Last weekend I went on a mini retreat with one of my oldest — and dearest — friends while Mr. B stayed home with the kids for an adventure only two toddlers can provide. Saturday morning my friend and I packed our computers, books, music and wine and spent a glorious 24 hours in the company of a river at a small cabin in the heart of The Mitten.
It was quiet and peaceful and everything my soul had been needing for some time. I have talked before about how bad I am at making time for myself, but I’m trying to do better. I recognized my need to get away and have a night to myself to focus on things I enjoy doing: reading, writing, thinking, dreaming and planning. And what better place for this annoyingly stereotypical Pisces to do that than by the water.
My goal for the retreat was to just focus on things I enjoy that fill my soul. I read two novels, wrote a blog post and spent a lot of time sketching out my dreams for my future — for my family’s future. And, I spent some time thinking about rivers, up to my ankles in the flowing water.
There’s so much I love about rivers. The peace of the smooth, flowing water. The whispery sounds as wind slides through the trees on the shore and the water snakes past. The chirping birds and splashing fish. The waving grasses and plants on the banks. The coolness of the water on my unsteady feet as the sand and rocks massage my achy arches.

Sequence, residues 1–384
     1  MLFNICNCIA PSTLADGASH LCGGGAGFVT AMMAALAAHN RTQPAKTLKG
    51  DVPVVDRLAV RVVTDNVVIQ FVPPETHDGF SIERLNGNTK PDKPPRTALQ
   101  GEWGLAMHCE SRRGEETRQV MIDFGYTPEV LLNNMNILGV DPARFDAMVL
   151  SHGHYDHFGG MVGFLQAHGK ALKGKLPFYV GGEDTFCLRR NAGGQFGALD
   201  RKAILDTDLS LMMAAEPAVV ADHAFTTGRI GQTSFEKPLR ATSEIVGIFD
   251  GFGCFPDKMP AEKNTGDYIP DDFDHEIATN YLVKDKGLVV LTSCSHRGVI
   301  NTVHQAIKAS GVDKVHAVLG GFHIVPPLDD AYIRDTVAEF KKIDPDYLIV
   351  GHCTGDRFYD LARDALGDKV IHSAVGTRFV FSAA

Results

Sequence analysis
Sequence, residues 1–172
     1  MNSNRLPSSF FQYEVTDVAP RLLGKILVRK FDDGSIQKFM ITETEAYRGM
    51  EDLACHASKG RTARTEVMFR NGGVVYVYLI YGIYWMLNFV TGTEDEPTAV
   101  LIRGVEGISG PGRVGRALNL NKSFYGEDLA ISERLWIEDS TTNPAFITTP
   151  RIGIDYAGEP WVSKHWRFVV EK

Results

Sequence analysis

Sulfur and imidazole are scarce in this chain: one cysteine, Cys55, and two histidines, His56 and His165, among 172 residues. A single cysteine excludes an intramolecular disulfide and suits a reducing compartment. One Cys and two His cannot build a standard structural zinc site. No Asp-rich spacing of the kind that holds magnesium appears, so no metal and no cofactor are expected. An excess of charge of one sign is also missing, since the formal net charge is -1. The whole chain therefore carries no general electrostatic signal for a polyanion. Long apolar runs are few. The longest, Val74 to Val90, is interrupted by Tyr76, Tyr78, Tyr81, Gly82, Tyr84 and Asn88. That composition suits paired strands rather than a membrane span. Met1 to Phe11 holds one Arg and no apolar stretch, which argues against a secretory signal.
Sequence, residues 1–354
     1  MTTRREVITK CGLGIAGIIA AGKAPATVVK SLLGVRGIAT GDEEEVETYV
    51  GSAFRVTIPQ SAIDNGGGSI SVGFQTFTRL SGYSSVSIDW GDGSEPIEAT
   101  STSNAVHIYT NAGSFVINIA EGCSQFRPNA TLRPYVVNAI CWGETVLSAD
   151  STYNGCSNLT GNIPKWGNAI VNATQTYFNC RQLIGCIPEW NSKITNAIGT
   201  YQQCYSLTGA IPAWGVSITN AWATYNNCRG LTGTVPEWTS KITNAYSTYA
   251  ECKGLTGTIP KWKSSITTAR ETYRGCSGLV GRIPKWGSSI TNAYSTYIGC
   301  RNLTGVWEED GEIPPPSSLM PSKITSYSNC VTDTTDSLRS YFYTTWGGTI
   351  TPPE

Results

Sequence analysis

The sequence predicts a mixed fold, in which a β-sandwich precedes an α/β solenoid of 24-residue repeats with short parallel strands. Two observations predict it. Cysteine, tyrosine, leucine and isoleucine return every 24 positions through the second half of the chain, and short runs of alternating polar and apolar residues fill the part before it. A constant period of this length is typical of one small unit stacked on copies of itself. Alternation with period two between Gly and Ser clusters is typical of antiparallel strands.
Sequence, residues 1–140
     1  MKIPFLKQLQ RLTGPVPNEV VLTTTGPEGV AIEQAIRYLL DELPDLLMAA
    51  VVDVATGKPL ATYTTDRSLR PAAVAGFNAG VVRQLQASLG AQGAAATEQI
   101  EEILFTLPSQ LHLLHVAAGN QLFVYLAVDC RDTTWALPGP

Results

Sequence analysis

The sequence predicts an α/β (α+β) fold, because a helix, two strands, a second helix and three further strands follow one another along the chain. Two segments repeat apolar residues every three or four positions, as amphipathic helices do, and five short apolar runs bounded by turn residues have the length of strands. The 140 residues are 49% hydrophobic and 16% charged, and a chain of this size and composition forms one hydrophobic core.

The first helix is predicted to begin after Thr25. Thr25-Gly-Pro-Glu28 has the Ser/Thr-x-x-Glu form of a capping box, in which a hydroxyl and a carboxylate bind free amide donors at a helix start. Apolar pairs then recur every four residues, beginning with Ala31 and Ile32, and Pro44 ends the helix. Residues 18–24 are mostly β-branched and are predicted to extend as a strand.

But there’s so much more to rivers than all their beauty and peace, though. And I wonder: is it possible to love and fear and envy rivers all at the same time?
Rivers — even more than bodies of water — scare me. I’m never so intrigued and nervous as I am in the spring when the rivers swell, flooding roads and homes as they wash away what remains of our cold, Michigan winters. And those who aren’t careful very easily could get swept along with the river. Rushing spring river waters carry with them danger for the people and property that get in their way.
But, oh the way they flow — not taking no for an answer, cutting new paths with a fierce stubbornness and conviction only a river can know. There’s a special kind of patience in a river, too, knowing their path won’t be cut immediately. If there’s something in their way, they push through it. It might take years, or decades, or eons, but the river holds firm in its goal. Some of the most beautiful landscapes in this world were cut by a river — earth never the same after a river’s run through it.
There are days I wish I could be more like a river — to have that peace and patience with a fierce streak of determination running through me. Perhaps that should be my goal — perhaps I should focus on finding peace with my path while knowing it’s within my power to cut a new one as I go. Because it is, after all, my path. It is my story.